Schizophrenia is an often disabling psychiatric disease whose core treatment consists of up to a lifetime of treatment with antipsychotics (older typical antipsychotics or newer atypical antipsychotics). Antipsychotics have demonstrated efficacy on the positive symptoms of schizophrenia (such as delusions and hallucinations), but no currently available therapy has been shown to be substantially efficacious and reliable in treating negative symptoms (such as diminished emotional expression) or cognitive impairment associated with schizophrenia (CIAS). Some atypical antipsychotics—e.g., clozapine (Novartis’s Clozaril/Leponex; Jazz Pharmaceuticals’ FazaClo, generics) and Abilify (Bristol-Myers Squibb/Otsuka Pharmaceutical’s aripiprazole)—are sometimes preferred when cognitive or negative symptoms predominate, but some physicians try to address cognitive and/or negative symptoms with off-label, adjunctive treatment from varying non-antipsychotic drug classes that ultimately may offer little clinical benefit to patients. As a result, physicians identify drugs with greater efficacy against CIAS and against negative symptoms as the most critical unmet needs in the treatment of schizophrenia. Despite the large unmet need, emerging therapies for schizophrenia—whether they will predominantly treat positive symptoms, negative symptoms, and/or cognitive symptoms—will be entering a crowded and increasingly generic antipsychotics market, and developers of these emerging products will need to demonstrate their agent’s clear safety and/or efficacy advantages compared with (or when added to) current antipsychotics if new products are to gain regulatory approval, attain price premiums, and secure formulary coverage.

Questions Answered in This Report:

  • Understand U.S. psychiatrists’ perceptions of attitudes toward currently marketed antipsychotics and uncover prescribing preferences. Which antipsychotics are perceived by physicians as being the most efficacious for the treatment of positive, negative, and cognitive symptoms of schizophrenia? What factors prevent physicians from prescribing their preferred antipsychotic?

  • Gain insight into current prescribing and reimbursement practices for the treatment of CIAS and negative symptoms. To what extent is adjunctive treatment currently prescribed for either CIAS or negative symptoms? What factors most influence reimbursement for adjunctive therapies, and what market access challenges exist for these agents? How will the expanding availability of generic atypical antipsychotics influence managed care organization pharmacy directors/medical directors’ (MCO PDs/MDs’) attitudes toward reimbursement of novel therapies used as adjuncts?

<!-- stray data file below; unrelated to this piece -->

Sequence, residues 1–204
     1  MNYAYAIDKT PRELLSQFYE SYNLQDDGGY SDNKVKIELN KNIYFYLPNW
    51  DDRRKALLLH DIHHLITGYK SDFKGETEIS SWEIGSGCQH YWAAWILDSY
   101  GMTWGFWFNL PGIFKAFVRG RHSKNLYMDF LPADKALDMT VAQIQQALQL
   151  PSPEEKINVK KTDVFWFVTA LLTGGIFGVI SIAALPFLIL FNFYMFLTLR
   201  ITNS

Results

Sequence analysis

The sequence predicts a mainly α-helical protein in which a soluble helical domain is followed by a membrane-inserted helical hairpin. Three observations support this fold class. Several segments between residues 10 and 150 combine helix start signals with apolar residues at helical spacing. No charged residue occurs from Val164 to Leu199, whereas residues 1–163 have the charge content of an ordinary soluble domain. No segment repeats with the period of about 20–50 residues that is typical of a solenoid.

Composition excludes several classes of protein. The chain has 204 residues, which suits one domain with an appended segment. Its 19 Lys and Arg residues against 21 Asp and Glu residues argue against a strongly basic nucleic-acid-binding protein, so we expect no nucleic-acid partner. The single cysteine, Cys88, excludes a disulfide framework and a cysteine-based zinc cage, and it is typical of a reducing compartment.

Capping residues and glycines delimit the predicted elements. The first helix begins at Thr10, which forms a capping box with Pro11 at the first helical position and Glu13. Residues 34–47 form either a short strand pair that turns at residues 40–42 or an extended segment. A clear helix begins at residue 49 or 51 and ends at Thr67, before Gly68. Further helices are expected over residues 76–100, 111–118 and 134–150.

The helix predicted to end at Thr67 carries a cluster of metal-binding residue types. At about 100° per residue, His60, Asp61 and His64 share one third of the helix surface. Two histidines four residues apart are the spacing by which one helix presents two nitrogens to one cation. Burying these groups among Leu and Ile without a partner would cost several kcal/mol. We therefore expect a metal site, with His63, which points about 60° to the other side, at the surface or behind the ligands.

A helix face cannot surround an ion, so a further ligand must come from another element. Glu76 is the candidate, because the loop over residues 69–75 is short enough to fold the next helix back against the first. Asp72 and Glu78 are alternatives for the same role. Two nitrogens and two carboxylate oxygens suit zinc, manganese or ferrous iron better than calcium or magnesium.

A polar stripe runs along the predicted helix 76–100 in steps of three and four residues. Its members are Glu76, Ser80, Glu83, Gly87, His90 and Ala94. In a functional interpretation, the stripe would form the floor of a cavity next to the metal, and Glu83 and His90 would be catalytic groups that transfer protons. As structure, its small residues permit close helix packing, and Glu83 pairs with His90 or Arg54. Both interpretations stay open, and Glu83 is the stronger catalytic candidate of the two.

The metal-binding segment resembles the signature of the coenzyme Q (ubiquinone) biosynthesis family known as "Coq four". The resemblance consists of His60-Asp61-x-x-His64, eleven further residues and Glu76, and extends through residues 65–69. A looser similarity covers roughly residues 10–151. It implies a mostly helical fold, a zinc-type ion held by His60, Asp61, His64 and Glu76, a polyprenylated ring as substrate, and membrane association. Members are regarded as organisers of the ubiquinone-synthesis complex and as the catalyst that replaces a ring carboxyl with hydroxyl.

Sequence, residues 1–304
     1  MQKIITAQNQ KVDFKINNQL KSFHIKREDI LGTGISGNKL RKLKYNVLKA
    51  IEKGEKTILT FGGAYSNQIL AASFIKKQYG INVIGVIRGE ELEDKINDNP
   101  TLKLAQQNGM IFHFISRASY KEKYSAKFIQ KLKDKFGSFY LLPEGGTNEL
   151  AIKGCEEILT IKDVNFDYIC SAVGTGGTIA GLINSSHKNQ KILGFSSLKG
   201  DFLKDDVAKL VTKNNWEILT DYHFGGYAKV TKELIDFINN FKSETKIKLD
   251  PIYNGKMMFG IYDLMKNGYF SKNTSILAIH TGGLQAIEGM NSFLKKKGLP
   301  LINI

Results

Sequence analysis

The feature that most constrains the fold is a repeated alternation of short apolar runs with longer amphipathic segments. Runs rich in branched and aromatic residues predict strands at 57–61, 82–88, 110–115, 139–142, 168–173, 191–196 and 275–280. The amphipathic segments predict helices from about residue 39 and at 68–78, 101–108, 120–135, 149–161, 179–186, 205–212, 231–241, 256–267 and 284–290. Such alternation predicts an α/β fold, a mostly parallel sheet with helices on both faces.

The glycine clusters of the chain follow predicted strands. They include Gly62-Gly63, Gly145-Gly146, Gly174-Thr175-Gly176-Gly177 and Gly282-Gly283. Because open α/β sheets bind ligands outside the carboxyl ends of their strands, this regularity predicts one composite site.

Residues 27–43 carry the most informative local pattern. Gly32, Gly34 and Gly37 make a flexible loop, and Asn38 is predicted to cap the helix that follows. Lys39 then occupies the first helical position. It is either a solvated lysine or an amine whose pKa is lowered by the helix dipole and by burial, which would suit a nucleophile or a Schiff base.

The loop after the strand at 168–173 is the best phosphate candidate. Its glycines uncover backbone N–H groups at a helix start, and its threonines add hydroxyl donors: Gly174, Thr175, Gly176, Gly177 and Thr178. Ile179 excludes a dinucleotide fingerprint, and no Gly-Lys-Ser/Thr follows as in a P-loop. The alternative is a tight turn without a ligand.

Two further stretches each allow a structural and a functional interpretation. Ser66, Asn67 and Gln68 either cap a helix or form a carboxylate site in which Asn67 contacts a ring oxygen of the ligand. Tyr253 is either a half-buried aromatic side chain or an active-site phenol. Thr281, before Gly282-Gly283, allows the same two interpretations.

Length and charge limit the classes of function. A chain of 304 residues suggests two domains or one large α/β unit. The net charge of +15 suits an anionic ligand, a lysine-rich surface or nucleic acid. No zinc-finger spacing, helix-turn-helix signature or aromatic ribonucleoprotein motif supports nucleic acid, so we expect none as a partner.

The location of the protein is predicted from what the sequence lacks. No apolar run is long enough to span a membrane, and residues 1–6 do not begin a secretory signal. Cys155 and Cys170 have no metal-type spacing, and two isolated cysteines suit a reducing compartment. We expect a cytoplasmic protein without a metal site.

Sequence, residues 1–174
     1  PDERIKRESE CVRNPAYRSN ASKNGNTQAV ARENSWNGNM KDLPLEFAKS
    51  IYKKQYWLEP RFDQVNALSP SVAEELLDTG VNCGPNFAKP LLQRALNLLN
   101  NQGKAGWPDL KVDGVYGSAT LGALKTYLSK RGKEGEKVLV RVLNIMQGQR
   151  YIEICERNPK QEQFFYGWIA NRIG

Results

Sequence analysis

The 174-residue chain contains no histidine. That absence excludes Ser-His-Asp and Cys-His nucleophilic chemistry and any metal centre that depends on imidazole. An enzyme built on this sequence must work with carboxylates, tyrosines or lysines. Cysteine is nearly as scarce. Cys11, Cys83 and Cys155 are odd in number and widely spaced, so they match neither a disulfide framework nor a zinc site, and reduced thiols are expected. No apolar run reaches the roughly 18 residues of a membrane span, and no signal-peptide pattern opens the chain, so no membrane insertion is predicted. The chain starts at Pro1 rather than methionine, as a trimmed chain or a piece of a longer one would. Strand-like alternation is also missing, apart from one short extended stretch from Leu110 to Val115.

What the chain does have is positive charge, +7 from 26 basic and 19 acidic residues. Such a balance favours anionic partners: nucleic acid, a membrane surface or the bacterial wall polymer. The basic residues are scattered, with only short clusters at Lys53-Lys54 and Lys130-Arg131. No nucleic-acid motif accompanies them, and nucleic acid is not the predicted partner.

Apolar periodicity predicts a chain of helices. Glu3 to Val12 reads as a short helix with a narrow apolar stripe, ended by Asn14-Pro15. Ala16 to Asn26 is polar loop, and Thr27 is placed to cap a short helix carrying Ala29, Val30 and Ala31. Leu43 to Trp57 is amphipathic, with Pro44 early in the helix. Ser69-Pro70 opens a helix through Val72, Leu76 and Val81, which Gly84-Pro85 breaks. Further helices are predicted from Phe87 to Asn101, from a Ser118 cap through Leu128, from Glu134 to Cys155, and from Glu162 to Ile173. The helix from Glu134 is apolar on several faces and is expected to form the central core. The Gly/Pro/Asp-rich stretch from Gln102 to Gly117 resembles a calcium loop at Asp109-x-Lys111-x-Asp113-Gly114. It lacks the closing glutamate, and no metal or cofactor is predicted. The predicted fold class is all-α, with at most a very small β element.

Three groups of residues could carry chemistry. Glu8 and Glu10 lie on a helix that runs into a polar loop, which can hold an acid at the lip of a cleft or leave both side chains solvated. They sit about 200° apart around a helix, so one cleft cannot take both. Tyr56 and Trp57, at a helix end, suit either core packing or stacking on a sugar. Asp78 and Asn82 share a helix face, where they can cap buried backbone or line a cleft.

• Ascertain psychiatrists’ receptivity to emerging therapies for CIAS or negative symptoms. How do physicians expect to incorporate emerging agents (Forum Pharmaceuticals/Bayer HealthCare/Mitsubishi Tanabe Pharma’s encenicline, AbbVie’s ABT-126, and Omeros’s OMS-824) into clinical practice, should the drugs launch in the United States? What does physician receptivity to these emerging therapies imply for developers of therapies for CIAS or negative symptoms of schizophrenia?

  • Learn about MCO PDs/MDs’ anticipated incorporation of emerging therapies for CIAS or negative symptoms into their formularies. What market access hurdles do surveyed MCO PDs/MDs expect to impose on novel agents for CIAS or negative symptoms, and how will these constraints, including tiering and formulary restrictions, impact the potential uptake of emerging drugs specifically treating CIAS or negative symptoms of schizophrenia?

Scope:

In this report, we explore the use, reception, and formulary status of key antipsychotics used for the treatment of schizophrenia, as well as the reception and use of adjuncts to antipsychotic therapy for the treatment of CIAS and negative symptoms, in a survey of 100 psychiatrists, 25 MCO PDs, and five MCO MDs. We also gauge physician and payer outlook on three emerging therapies: EnVivo Pharmaceuticals/Mitsubishi Tanabe Pharma/Bayer HealthCare’s encenicline (EVP-6124), AbbVie’s ABT-126, and Omeros’s OMS-824. By understanding the attitudes and expectations of prescribers and MCOs about current, recently approved, and emerging therapies used for the treatment of schizophrenia, and specifically, the treatment of CIAS or negative symptoms, stakeholders can gain an understanding of the treatment paradigm and changing reimbursement climate for this patient population.

Markets covered: United States.

Primary research: 100 psychiatrists, 30 MCOs (25 MCO PDs, 5 MCO MDs).

Population segments: Where appropriate, our data and analyses are segmented by the following patient populations: schizophrenia, positive symptoms, negative symptoms, CIAS.

Author(s): Alana K. Simorellis, Ph.D.

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